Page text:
2
Context for Community Effects: Uninsurance and the Financing and Delivery of Health Services

There is no guarantee that uninsured persons will be able to obtain the health care that they need and no guarantee that if they do get care, it will be adequate or affordable. Responsibility for financing and providing health care to uninsured persons in the United States is fragmented and ill-defined, to the extent that this responsibility exists at all. Many of the Committee’s hypothesized effects of uninsurance on communities stem from the structure of health care finance and the patterns of service provision for insured and uninsured Americans that have emerged over the past half-century. The current structure of safety net and non-safety net arrangements, along with the mix of public and private funding sources, was not envisioned or designed as an integrated system; rather, it has resulted from the aggregation, over time, of multiple initiatives and developments in both the private and the public sectors. Because the organization and delivery of care are closely linked to health insurance, the health care needs of persons who lack health insurance have been of secondary interest, often only as afterthoughts in the development of public policy.

In this chapter, the Committee describes the ad hoc nature of health care financing and services for the more than 41 million uninsured Americans. This information is drawn from both descriptive and analytic, empirical research sources. It frames the discussions in subsequent chapters of pathways through which community uninsurance is hypothesized to affect health care institutions, local economies, and population health. The chapter also documents the magnitude and distribution among providers of uncompensated care to the uninsured and considers who, if anyone, is responsible for providing that care.

The chapter is divided into four sections. The first section gives a historical account of the development of the current programs and arrangements for financ-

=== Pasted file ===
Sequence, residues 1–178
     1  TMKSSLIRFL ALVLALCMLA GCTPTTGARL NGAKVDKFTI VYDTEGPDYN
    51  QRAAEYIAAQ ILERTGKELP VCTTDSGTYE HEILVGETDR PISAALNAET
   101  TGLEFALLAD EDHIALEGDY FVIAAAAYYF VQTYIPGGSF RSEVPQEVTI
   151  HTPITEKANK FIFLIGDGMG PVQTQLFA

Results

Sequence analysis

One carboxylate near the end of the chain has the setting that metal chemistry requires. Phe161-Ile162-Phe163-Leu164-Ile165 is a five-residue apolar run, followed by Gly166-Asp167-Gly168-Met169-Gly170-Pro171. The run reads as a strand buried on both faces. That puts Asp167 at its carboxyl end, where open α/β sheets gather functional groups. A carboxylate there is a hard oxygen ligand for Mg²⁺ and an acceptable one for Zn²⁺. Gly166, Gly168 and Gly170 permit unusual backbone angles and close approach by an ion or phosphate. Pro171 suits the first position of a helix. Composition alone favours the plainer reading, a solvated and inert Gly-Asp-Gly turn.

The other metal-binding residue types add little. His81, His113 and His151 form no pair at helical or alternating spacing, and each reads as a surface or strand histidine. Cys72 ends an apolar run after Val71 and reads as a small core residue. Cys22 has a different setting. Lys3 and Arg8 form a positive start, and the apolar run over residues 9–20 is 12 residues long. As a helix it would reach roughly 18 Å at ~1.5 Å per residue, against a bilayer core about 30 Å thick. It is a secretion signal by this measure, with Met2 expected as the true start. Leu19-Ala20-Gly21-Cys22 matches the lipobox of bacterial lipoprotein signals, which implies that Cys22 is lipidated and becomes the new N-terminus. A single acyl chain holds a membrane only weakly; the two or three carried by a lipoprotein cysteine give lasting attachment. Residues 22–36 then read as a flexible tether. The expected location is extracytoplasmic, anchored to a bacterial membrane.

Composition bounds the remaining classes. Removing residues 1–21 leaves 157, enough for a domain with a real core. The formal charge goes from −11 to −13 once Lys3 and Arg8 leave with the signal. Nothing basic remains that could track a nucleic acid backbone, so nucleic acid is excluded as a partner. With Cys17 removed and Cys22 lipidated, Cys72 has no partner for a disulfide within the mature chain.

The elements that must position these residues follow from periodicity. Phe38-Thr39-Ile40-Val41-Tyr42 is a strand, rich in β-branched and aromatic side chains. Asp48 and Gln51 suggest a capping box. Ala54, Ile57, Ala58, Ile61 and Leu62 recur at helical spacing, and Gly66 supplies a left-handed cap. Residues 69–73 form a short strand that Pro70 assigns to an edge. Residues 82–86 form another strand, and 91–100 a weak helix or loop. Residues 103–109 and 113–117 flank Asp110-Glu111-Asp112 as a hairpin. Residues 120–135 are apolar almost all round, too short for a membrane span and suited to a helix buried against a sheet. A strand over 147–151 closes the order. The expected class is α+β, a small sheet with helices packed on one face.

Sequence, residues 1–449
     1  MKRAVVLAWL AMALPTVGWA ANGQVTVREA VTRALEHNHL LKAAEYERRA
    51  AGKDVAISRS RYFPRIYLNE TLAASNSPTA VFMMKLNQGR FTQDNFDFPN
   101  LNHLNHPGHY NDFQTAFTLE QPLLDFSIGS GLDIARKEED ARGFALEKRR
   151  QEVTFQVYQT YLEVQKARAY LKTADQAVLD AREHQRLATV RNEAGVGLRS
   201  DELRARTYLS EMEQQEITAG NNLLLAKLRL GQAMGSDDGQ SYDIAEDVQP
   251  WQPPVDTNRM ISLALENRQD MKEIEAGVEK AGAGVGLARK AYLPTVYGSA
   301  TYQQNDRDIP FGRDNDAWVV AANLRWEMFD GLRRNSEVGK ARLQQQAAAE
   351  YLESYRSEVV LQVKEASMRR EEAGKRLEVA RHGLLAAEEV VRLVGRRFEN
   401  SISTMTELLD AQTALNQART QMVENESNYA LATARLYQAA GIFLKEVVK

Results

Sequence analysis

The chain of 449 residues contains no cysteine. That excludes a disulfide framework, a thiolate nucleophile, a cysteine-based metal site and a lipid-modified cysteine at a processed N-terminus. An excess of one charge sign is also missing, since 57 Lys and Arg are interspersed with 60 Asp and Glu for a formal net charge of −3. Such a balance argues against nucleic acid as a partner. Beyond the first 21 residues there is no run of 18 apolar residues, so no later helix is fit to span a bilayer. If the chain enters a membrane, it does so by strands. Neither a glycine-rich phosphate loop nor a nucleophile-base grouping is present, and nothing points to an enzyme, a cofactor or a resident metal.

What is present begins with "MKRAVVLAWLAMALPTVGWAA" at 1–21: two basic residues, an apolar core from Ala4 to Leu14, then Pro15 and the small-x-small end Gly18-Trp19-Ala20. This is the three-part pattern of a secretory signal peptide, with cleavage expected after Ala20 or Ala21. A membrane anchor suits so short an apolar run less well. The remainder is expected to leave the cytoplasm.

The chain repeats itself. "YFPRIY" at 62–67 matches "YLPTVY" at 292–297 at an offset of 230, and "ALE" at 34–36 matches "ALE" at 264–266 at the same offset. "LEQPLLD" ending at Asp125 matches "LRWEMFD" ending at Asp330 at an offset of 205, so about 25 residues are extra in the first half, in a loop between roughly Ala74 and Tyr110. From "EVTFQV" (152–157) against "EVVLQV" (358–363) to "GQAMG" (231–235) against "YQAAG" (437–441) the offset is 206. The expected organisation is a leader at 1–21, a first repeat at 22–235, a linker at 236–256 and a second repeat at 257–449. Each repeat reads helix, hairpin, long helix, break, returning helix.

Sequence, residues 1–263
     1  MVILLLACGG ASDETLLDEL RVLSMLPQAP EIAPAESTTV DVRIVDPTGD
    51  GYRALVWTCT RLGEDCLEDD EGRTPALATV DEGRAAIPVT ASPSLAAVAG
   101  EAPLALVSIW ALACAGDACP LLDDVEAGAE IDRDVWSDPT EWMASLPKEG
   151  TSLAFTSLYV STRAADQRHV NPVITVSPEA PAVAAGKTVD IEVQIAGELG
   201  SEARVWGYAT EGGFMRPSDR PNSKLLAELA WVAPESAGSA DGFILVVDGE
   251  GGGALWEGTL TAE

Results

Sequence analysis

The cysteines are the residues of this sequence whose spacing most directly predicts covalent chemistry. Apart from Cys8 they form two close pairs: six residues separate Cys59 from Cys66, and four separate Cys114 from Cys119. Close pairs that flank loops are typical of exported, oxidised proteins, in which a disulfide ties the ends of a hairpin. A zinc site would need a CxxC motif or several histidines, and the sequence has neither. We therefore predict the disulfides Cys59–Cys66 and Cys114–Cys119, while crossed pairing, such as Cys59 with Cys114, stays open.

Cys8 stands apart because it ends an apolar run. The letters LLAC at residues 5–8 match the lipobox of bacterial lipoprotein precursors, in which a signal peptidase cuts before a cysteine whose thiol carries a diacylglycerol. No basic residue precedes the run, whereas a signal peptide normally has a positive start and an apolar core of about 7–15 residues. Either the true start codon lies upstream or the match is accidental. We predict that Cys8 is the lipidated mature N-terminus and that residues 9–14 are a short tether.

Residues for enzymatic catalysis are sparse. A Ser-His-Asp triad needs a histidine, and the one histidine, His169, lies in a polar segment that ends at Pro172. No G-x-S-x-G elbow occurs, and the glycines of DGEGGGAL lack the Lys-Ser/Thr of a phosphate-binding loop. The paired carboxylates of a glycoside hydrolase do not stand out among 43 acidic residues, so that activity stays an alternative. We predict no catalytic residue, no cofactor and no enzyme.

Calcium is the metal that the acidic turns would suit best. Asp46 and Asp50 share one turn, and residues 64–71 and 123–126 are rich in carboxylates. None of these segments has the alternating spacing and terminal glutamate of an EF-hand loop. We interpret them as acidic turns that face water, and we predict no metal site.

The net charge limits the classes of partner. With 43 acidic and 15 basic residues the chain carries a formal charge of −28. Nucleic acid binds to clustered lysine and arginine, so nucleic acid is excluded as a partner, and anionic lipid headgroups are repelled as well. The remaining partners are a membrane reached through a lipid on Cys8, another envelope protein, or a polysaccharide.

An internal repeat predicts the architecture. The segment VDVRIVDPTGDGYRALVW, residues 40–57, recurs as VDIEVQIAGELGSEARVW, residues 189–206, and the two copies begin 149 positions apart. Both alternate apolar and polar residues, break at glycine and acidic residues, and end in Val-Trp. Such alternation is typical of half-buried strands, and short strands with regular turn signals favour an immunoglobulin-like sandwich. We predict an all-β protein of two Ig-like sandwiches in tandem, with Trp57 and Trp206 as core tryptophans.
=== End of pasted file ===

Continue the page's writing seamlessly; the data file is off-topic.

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A Shared Destiny: Community Effects of Uninsurance 2 Context for Community Effects: Uninsurance and the Financing and Delivery of Health Services There is no guarantee that uninsured persons will be able to obtain the health care that they need and no guarantee that if they do get care, it will be adequate or affordable. Responsibility for financing and providing health care to uninsured persons in the United States is fragmented and ill-defined, to the extent that this responsibility exists at all. Many of the Committee’s hypothesized effects of uninsurance on communities stem from the structure of health care finance and the patterns of service provision for insured and uninsured Americans that have emerged over the past half-century. The current structure of safety net and non-safety net arrangements, along with the mix of public and private funding sources, was not envisioned or designed as an integrated system; rather, it has resulted from the aggregation, over time, of multiple initiatives and developments in both the private and the public sectors. Because the organization and delivery of care are closely linked to health insurance, the health care needs of persons who lack health insurance have been of secondary interest, often only as afterthoughts in the development of public policy. In this chapter, the Committee describes the ad hoc nature of health care financing and services for the more than 41 million uninsured Americans. This information is drawn from both descriptive and analytic, empirical research sources. It frames the discussions in subsequent chapters of pathways through which community uninsurance is hypothesized to affect health care institutions, local economies, and population health. The chapter also documents the magnitude and distribution among providers of uncompensated care to the uninsured and considers who, if anyone, is responsible for providing that care. The chapter is divided into four sections. The first section gives a historical account of the development of the current programs and arrangements for financ-